Parasite load was expressed as the number of amastigotes by 106 nucleated host cells. Comparison between the median of the parasite load according to the presence of outcomes, such as death, symptoms, and HIV status, was carried out using the Wilcoxon rank-sum test. The Spearman correlation coefficient was used for quantitative variables. A P value < 0.05 was generally used but results with a P value < 0.10 for some variables with a large difference of medians were also showed. All tests were carried out using the statistical package Stata 10 (College Station, TX).

Results

Of the 122 patients, 78 were male (64%), 54 (44%) were < 2 years of age, and 19 (17%) were older than 40 years of age. Twenty of the 118 tested were infected with HIV (17%), with four deaths among them (24%). Ten patients died (8%), but only six of those without HIV infection (6%) (Table 1). The estimated mean of the bone marrow parasite load was 457.3 amastigotes per 106 human nucleated cells. The median was 5.1 with an interquartile range (IQR) of 0.5–79.8. The minimum value was 4 × 10−5 and the maximum was 2.2 × 104 per 106 nucleated cells. The HIV patients had a slightly more elevated median and mean parasite burden, but the difference was not statistically significant. Gender and age were not found to be associated with the estimated bone marrow parasite load.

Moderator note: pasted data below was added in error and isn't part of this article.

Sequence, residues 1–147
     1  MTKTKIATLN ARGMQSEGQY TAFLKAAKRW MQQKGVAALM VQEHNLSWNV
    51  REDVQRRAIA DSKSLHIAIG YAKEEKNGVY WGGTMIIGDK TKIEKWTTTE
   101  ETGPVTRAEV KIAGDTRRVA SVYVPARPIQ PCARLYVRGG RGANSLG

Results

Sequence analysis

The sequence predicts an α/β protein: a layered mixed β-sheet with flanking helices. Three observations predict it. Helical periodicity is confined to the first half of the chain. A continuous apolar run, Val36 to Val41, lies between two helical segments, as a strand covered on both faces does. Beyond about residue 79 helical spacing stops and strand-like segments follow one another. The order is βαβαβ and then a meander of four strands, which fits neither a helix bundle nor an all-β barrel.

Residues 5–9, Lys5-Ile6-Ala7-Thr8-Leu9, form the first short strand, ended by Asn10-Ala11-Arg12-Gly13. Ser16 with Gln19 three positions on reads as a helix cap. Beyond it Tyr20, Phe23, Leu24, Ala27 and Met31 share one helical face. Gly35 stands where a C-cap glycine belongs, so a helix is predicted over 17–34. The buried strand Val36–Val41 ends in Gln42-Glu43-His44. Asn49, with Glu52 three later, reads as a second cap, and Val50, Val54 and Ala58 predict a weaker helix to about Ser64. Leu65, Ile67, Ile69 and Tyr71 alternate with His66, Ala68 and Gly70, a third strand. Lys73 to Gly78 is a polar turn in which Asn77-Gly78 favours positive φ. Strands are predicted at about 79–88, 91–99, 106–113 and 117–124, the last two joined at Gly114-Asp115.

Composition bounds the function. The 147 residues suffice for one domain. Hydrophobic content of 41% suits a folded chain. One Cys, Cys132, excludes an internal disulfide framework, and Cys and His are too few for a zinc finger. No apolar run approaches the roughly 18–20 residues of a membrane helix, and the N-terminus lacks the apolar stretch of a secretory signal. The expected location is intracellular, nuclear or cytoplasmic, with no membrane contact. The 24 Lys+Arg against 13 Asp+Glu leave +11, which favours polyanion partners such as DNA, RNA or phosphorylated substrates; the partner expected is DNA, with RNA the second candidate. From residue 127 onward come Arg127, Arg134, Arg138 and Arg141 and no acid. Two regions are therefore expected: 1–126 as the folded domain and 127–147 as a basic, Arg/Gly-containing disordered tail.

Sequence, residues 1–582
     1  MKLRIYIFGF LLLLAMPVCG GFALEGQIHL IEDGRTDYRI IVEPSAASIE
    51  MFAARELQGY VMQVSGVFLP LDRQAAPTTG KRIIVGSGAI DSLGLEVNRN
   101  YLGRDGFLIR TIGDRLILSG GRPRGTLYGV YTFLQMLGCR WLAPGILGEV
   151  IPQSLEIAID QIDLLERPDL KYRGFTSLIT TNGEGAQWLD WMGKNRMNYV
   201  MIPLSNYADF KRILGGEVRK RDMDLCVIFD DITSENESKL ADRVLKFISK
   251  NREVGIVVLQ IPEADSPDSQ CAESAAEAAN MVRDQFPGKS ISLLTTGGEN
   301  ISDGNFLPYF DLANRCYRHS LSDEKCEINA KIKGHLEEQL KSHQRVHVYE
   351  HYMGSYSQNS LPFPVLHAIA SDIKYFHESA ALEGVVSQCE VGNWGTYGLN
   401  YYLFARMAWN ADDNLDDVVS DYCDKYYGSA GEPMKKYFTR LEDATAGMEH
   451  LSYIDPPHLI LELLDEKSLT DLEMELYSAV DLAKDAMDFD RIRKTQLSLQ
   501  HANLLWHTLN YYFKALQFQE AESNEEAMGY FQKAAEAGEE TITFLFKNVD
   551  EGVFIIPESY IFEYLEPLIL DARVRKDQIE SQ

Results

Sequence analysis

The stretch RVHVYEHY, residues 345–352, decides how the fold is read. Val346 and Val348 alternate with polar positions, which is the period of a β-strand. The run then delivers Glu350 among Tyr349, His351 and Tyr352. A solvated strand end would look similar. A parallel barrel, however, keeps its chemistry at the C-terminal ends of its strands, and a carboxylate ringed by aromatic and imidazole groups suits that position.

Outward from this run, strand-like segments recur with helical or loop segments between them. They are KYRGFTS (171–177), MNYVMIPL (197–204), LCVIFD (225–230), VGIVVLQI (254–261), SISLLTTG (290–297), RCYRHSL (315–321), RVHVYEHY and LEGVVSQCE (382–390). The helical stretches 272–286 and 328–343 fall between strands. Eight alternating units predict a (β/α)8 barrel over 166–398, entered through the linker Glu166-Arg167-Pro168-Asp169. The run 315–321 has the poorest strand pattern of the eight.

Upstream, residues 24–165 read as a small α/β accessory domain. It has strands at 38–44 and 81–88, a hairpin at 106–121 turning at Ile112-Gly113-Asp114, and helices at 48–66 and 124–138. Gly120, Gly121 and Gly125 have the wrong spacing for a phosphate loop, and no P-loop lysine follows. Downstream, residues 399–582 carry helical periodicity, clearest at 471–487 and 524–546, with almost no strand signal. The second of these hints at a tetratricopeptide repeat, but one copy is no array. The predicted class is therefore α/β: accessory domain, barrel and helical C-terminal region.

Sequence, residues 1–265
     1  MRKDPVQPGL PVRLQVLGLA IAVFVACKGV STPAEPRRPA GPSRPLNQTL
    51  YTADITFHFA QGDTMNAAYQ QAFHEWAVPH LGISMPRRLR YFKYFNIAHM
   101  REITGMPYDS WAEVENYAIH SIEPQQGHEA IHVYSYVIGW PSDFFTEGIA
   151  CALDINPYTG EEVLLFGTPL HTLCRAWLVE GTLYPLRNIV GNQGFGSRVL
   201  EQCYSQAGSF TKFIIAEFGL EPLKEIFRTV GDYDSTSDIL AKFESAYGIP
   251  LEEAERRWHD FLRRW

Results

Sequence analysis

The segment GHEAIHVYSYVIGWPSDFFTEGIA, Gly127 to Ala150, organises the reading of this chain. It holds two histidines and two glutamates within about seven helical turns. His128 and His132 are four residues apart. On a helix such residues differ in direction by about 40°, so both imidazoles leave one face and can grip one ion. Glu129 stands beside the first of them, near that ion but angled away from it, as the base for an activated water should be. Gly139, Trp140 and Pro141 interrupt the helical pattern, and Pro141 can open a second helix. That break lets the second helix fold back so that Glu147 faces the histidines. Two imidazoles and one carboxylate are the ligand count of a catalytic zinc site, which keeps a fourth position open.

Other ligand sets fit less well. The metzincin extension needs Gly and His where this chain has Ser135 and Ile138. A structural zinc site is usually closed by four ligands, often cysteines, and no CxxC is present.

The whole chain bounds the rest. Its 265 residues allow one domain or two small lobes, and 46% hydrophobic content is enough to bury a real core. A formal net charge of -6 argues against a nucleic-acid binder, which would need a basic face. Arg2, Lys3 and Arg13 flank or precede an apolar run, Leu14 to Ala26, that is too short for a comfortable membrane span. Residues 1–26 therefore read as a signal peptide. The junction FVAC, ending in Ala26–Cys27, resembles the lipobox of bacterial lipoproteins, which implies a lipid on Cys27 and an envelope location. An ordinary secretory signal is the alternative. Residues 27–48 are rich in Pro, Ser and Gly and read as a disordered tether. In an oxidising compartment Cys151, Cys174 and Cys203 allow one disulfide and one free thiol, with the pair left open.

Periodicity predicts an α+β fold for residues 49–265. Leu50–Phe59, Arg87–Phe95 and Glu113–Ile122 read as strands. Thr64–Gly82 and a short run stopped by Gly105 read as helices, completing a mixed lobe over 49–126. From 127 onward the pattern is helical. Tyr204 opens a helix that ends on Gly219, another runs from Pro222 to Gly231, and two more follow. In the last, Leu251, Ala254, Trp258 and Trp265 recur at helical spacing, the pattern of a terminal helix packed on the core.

Table 1

Characteristics of the study population*

CharacteristicNumber (%)
Male gender78/122 (63.9)
Age-group (years)
 0 to < 254 (44.3)
 2 to < 1824 (19.7)
 18 to < 4025 (20.5)
 ≥ 4019 (16.6)
HIV-1 infection20/118 (16.9)
Deaths10/122 (8.2)

HIV = human immunodeficiency virus.

A clear link between the bone marrow parasite load as measured both by qPCR and by microscopy was observed; patients with amastigotes identified during the bone marrow smear examination had a much higher estimated parasite load (75.0 [IQR 0.8–274.7] versus 4.2 [IQR 0.3–68.1], P < 0.001) of those in whose bone marrow smear parasites were not found (Figure 1).